Estimated read time: Less than a minute
This archived news story is available only for your personal, non-commercial use. Information in the story may be outdated or superseded by additional information. Reading or replaying the story in its archived form does not constitute a republication of the story.
Although native to western North America, the rainbow trout is not native to Utah, but is still extremely popular with Utah anglers. Because of its popularity, the rainbow has been introduced to cold waters throughout the state and because most Utah rainbow trout do not reproduce in the wild, the Utah Division of Wildlife Resources stocks millions of rainbows each year.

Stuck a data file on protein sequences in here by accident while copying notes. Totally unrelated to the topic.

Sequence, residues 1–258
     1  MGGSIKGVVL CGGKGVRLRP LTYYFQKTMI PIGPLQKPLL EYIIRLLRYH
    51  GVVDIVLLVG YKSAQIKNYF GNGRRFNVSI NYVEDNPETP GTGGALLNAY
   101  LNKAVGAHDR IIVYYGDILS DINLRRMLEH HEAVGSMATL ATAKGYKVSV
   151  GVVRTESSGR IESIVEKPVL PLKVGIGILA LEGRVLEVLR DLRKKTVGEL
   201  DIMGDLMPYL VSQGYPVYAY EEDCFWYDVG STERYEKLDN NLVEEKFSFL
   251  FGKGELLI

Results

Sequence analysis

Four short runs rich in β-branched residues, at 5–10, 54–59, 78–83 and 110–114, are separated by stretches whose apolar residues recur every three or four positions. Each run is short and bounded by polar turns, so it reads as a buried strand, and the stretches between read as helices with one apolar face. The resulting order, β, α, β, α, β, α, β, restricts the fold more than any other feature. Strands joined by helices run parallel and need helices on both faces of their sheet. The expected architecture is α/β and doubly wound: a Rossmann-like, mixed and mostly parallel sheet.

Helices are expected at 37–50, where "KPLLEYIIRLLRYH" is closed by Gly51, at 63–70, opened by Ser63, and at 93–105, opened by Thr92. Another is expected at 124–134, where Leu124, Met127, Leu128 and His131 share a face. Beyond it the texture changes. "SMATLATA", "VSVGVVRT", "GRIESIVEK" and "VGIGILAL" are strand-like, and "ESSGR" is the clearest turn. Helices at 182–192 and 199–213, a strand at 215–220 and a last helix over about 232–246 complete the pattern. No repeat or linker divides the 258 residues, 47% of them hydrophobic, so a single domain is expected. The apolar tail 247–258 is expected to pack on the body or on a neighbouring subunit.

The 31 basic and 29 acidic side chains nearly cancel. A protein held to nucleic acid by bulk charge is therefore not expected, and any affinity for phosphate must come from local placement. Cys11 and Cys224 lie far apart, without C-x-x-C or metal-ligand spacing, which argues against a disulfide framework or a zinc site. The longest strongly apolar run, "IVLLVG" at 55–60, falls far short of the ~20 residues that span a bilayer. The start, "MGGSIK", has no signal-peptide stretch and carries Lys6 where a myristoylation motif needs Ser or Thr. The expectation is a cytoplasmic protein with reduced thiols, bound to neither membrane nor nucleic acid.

From 1971 through 1997, the rainbow trout was actually our state fish. That all changed when the Utah legislature adopted the native Bonneville Cutthroat trout in 1997.
Rainbow trout eat primarily invertebrates, including insects, worms, and zooplankton. Some larger rainbows become piscivorous, meaning they eat fish. In areas where rainbow trout and cutthroat trout co-exist, similarities in spawning time can lead to the production of rainbow - cutthroat hybrids. In fact, loss of genetic purity through hybridization with rainbow trout is one of the major threats to Utah's native cutthroat trout populations.
For more information on the rainbow or any other critter found in or around Utah, check out our Utah Field Guide on our outdoors page at KSLTV.com.